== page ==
# step

noun: an amount equal to two half steps by which a musical note is higher or lower than another note
noun: a musical interval of two semitones

Ramsay
Nature has not finished when she has given us the Diatonic Scale of notes as first generated. In the diatonic scale, in ascending from C, the root of the tonic, the first step is an interval of 9 commas, supposing that we adopt the common division of the octave into 53 commas, which is the nearest practical measuring rule; the second step has 8 commas; the third has 5; the fourth has 9; the fifth has 8; the sixth has 9; and the seventh and last has 5 commas. So we have three steps of 9 commas, two steps of 8, and two of 5. The order of the steps in the major is 9, 8, 5, 9, 8, 9, 5. In the minor the magnitudes are the same, but the order is 9, 5, 8, 9, 5, 9, 8. So there are three magnitudes.1 But Nature has an equalizing process in the course of her musical marshallings, in which these greater ones get cut down, and have to change places with the lesser, when her purpose requires them so to do. [Scientific Basis and Build of Music, page 47]

that Nature has done so.1 And in every new key into which we modulate Nature performs the same operation, till in the course of the twelve scales she has cut every greater note into two, and made the notes of the scale into twelve instead of seven. These we, as a matter of convenience, call semitones; though they are really as much tones as are the small intervals which Nature gave us in the genesis of the first scale between B-C and E-F. She only repeats the operation for every new key which she had performed at the very first. It is a new key, indeed, but exactly like the first. The 5 and 9 commas interval between E and G becomes a 9 and 5 comma interval; and this Nature does by the rule which rests in the ear, and is uttered in the obedient voice, and not by any mathematical authority from without. She cuts the 9-comma step F to G into two, and leaving 5 commas as the last interval of the new key of G, precisely as she had made 5 commas between B and C as the last interval of the key of C, she adds the other 4 commas to the 5-comma step E to F, which makes this second-last step a 9-comma step, precisely as she had made it in the key of C.2 [Scientific Basis and Build of Music, page 48]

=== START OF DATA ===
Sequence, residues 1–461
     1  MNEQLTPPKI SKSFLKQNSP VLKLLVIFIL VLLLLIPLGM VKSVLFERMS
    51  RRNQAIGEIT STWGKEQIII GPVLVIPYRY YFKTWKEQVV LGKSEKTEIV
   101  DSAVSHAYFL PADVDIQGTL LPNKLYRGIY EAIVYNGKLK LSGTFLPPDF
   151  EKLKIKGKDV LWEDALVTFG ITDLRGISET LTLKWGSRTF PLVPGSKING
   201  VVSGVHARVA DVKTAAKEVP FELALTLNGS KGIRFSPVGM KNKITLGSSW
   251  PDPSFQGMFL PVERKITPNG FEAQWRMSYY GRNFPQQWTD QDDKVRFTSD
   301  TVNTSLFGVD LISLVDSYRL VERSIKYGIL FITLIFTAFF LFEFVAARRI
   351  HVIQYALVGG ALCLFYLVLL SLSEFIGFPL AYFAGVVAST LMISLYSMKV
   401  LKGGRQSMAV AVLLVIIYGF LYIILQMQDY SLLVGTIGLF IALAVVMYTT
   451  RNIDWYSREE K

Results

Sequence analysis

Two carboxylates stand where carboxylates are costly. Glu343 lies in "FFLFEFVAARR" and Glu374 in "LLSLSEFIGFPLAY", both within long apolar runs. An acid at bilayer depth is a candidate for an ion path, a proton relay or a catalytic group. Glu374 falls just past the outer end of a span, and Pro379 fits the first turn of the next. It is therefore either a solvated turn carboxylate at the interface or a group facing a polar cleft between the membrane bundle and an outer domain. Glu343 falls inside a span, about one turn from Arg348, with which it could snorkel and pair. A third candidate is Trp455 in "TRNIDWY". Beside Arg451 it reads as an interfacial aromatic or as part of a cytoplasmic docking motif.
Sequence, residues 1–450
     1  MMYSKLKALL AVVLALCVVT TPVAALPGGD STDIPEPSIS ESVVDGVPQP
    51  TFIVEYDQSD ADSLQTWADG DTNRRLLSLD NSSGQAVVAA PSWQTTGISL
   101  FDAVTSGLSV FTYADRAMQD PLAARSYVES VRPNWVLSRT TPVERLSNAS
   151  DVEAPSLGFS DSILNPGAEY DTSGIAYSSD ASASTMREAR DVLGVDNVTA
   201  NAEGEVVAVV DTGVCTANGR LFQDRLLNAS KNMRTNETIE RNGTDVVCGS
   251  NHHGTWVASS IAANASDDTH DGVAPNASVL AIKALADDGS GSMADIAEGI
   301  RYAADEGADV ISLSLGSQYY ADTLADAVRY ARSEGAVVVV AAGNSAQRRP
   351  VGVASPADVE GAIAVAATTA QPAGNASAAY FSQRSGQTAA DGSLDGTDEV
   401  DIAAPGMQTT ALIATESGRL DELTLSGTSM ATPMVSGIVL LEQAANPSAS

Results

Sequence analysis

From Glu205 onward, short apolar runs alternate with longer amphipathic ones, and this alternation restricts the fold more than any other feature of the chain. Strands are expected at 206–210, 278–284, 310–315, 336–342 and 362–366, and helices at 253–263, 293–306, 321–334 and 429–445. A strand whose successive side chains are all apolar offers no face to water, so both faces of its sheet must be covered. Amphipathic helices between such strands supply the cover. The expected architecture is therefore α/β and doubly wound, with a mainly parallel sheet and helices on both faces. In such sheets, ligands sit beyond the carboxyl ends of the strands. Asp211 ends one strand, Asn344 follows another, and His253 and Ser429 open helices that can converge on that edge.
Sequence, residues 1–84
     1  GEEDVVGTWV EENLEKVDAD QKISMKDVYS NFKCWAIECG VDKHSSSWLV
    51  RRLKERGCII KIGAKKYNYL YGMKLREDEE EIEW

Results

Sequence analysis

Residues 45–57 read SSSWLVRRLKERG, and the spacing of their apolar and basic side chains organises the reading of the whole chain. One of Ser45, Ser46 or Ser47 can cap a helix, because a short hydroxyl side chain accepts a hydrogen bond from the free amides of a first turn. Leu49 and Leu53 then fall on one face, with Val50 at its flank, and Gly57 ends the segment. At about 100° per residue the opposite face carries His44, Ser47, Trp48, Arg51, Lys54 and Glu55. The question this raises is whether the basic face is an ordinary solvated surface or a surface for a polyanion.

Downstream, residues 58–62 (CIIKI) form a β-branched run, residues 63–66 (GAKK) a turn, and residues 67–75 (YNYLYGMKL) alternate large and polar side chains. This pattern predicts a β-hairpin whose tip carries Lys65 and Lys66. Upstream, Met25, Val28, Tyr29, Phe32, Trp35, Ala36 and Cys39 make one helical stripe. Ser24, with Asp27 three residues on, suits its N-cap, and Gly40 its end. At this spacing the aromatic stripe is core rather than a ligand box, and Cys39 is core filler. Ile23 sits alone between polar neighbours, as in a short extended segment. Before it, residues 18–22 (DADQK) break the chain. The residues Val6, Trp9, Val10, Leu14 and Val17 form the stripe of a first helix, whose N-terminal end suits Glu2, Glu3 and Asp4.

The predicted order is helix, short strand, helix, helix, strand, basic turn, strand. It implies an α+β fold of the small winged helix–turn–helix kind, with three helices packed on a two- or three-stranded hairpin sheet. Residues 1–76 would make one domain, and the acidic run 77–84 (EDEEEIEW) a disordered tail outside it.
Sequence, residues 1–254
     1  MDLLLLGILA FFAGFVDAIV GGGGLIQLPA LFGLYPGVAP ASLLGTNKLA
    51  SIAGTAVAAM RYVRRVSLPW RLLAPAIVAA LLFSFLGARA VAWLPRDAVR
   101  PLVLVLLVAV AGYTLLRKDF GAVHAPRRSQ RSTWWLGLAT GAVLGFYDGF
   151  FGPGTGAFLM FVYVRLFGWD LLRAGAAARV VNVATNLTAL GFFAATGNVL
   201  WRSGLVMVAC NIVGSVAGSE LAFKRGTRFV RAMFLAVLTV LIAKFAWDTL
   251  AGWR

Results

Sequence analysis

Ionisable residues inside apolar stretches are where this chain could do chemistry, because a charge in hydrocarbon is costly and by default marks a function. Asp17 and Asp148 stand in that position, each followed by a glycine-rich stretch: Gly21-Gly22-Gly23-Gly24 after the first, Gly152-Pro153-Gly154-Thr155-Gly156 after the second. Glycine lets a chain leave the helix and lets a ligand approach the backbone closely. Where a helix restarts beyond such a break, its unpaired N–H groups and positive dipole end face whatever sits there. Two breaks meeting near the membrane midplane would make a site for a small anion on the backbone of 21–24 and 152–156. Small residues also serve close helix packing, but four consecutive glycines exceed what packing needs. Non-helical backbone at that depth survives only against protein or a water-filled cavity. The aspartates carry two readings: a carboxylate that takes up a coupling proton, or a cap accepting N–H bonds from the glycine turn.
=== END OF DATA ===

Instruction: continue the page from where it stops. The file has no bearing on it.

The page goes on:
In the progression - that is, the going on from one to another - of these triplets in harmonizing the octave scale ascending, Nature goes on normally till we come to the passage from the sixth to the seventh note of the scale, whose two chords have no note in common, and a new step has to be taken to link them together. And here the true way is to follow the method of Nature in the birthplace of chords.1 The root of the subdominant chord, to which the sixth of the octave scale belongs, which then becomes a 4-note chord, and is called the dominant seventh; F, the root of the subdominant F, A, C, is added to G, B, D, the notes of the dominant, which then becomes G, B, D, F; the two chords have now a note in common, and can pass on to the end of the octave scale normally. In going down the octave scale with harmony, the passage from the seventh to the sixth, where this break exists, meets us at the very second step; but following Nature's method again, the top of the dominant goes over to the root of the subdominant, and F, A, C, which has no note in common with G, B, D, becomes D, F, A, C, and is called the subdominant sixth; and continuity being thus established, the harmony then passes on normally to the bottom of the scale, every successive chord being linked to the preceding note by a note in common. [Scientific Basis and Build of Music, page 49]

The scales march on following each other methodically, whether they be written with sharps or flats, and

"Not a step is out of tune, as the tides obey the moon."

The most natural, because the genetic, way to write the scales is to make the major scales all in sharps, after C, because the major genesis is upward in ratios ascending; and to make the minor scales all in flats, after A, because the minor genesis is downward in ratios descending. Let the young student, however, always keep in mind that the sharps and flats are simply marks to show how Nature, at whatever pitch we are taking the scales, is securely keeping them in the same form as when they are first generated; and in their birthplace no sharps or flats are needed. [Scientific Basis and Build of Music, page 90]